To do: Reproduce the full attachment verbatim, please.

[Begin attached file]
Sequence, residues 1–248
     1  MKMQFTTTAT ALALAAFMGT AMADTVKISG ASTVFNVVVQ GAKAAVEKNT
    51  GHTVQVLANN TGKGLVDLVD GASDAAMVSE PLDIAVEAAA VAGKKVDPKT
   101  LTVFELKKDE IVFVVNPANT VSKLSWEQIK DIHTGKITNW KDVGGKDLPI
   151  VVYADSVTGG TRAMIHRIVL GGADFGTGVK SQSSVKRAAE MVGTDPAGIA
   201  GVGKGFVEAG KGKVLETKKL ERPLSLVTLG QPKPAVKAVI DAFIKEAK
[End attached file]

Sequence, residues 1–248
     1  MKMQFTTTAT ALALAAFMGT AMADTVKISG ASTVFNVVVQ GAKAAVEKNT
    51  GHTVQVLANN TGKGLVDLVD GASDAAMVSE PLDIAVEAAA VAGKKVDPKT
   101  LTVFELKKDE IVFVVNPANT VSKLSWEQIK DIHTGKITNW KDVGGKDLPI
   151  VVYADSVTGG TRAMIHRIVL GGADFGTGVK SQSSVKRAAE MVGTDPAGIA
   201  GVGKGFVEAG KGKVLETKKL ERPLSLVTLG QPKPAVKAVI DAFIKEAK